From Jonathan, I learned that I don’t have to accept the way things are in the world. I learned and experienced first-hand that everyone has a story and it doesn’t always match the one we expect them to have. In 2011, I was able to work with Jonathan and mentor students going through the summer program. I got an inside glimpse into the work it takes to mentor students and realized that, through God’s strength, you don’t have to be perfect to do that.
Florence Nightingale: the mother of nursing
A year and a half ago, I was assigned a final project to represent what I had learned at the Mercy Ships OnBoarding training program for long-term crew. I had learned about many leaders over the course of history that did beautiful, brave things, yet they all had glaring mistakes. Champions of the abolitionist movement that were against women’s rights, for example. However, as I studied, I felt really encouraged by all the examples history gives us of imperfect people changing the world. What a relief, because I am far from perfect!
I decided to craft my project as if Florence Nightingale was able to say a few more words about her legacy. I studied her story and found that she was rather counter-cultural. She went against the expectations that her family had for her to get married. She turned down 3 marriage proposals. She decided to become a nurse at a time when it wasn’t a respectable field, especially not for someone of her socioeconomic status. She ignored what people thought she was supposed to do.
As you may or may not know, she changed the image and essence of nursing forever. What you may not know, is that she did so largely because of her Christian faith. Before her nursing career, she studied Hebrew so that she could understand the Bible better. She wrote poetry, knew 4 languages and collected sea shells. She was a powerhouse with a seemingly abundant life.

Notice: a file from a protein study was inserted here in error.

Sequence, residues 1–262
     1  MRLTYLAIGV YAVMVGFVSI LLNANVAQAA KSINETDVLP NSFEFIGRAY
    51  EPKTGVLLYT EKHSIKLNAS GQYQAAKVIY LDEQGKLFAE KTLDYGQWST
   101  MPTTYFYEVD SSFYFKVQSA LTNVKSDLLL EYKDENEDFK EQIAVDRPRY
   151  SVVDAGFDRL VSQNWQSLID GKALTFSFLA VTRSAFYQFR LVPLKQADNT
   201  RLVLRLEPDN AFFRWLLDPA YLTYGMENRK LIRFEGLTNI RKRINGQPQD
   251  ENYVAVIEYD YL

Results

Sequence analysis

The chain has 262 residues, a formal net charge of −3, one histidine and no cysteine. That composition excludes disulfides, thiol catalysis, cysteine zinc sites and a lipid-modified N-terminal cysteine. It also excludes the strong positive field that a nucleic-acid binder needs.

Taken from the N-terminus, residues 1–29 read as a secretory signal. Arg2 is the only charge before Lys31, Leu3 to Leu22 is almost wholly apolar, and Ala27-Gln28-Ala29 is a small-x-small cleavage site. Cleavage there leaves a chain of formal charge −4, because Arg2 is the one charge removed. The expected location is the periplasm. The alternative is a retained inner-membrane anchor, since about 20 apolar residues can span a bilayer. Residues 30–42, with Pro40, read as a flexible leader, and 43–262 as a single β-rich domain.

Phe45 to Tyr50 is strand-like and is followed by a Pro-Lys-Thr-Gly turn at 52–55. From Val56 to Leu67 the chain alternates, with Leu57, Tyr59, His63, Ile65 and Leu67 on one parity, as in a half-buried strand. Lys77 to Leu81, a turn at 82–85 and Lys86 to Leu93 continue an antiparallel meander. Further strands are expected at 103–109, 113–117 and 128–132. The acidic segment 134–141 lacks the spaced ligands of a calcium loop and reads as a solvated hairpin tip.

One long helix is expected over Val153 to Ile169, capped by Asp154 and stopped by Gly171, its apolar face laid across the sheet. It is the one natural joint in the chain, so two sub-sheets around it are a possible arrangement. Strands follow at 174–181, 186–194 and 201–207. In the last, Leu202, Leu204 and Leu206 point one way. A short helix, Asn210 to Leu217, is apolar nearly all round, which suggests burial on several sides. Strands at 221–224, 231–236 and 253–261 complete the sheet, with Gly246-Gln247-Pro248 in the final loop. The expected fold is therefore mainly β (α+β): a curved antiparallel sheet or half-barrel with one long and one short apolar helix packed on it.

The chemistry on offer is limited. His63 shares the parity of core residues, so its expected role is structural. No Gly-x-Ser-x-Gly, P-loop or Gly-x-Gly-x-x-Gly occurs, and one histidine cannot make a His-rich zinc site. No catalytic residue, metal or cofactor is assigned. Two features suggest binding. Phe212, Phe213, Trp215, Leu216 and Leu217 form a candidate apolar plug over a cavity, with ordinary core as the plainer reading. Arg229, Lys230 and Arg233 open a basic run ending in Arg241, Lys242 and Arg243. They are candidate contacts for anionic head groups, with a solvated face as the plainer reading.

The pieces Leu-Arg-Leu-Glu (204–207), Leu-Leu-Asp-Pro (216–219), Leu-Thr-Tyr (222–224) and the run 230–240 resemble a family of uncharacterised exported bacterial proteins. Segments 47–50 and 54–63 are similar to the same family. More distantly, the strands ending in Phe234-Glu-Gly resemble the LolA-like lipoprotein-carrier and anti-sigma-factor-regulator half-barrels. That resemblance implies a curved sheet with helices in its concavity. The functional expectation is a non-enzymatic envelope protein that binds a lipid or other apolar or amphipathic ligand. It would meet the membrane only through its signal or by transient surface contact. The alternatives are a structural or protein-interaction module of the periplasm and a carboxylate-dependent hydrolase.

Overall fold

Even though I won’t meet her in this life, her dedication paved the way for me to follow my own vocation and passions. Her path was not free of mistakes, either. There are records of her driving the nurses under her tutelage ruthlessly, asking for utmost devotion to their jobs on the war fields. Yet, she accomplished something great. I’m both grateful to her, as well as in admiration of her.
These are a few role models for my career and work as a nurse, although what I learned from Jonathan crosses over into my life of faith as well. At this time, my work life and faith life crosses over quite a bit. I could list even more that inspire my Christian faith. I’ve written a whole post about the 3 couples that inspire my marriage.
Are your role models people you know personally or people you’ve read about or heard of? Do you know about the weaknesses of your role models? Does that make them more or less of a role model? Feel free to answer in the comments!
Meet Your #LoveBlog2017 Hosts
Ivanna is a registered nurse with a large dose of colorful creativity. She writes at Provocative Joy while working overseas with Mercy Ships. She enjoys the art of head wrapping and the thrill of thrifting. She writes about living intentionally in community, in marriage, and the challenges of making a difference no matter which country she’s in.
Kayla is a 20-something professional and grad student living in a small college town in the Atlanta-area with her hubby and their furbaby, Courage. She enjoys burritos, coffee, and Chickfila. Her favorite past-times include binge-watching television shows and binge-reading thrillers. She runs the lifestyle blog a paper arrow.
Brita Long is the pink and sparkly personality behind the Christian feminist lifestyle blog, Belle Brita. While her first love will always be Paris, she lives happily with her husband Daniel Fleck in the Atlanta area.
Charlene is a 20 something wife and fur mama living in Ohio. She uses her blog, “Enduring All Things” to inspire young wives to keep God first and their husbands second in everything they do.